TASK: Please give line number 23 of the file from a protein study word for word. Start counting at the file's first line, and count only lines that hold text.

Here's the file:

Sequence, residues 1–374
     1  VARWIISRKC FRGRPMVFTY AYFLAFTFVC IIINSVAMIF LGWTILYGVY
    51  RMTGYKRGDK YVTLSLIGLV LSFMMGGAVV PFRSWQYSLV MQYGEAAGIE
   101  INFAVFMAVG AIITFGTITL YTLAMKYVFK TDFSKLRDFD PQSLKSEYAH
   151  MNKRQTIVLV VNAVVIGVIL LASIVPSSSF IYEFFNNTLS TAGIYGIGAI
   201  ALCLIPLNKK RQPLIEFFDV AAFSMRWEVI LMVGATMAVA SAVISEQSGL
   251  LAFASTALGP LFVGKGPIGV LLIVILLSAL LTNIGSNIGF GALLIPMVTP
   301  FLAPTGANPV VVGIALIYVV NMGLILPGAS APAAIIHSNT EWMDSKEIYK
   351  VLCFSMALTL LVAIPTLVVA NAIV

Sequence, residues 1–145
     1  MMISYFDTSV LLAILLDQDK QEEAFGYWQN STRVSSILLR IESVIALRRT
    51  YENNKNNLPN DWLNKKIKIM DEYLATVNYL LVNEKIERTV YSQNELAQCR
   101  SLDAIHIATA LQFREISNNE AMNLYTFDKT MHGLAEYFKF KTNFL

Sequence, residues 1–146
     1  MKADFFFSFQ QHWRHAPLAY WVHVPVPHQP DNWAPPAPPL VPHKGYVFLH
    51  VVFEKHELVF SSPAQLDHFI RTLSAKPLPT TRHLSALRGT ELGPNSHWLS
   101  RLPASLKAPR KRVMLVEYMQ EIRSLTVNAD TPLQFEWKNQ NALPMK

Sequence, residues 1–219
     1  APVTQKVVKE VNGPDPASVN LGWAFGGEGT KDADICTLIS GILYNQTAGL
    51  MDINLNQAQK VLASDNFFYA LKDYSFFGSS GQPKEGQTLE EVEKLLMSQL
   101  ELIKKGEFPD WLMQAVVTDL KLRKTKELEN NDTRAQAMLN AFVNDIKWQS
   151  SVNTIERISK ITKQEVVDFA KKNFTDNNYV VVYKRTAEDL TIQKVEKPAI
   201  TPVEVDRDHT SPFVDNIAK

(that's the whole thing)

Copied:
   201  TPVEVDRDHT SPFVDNIAK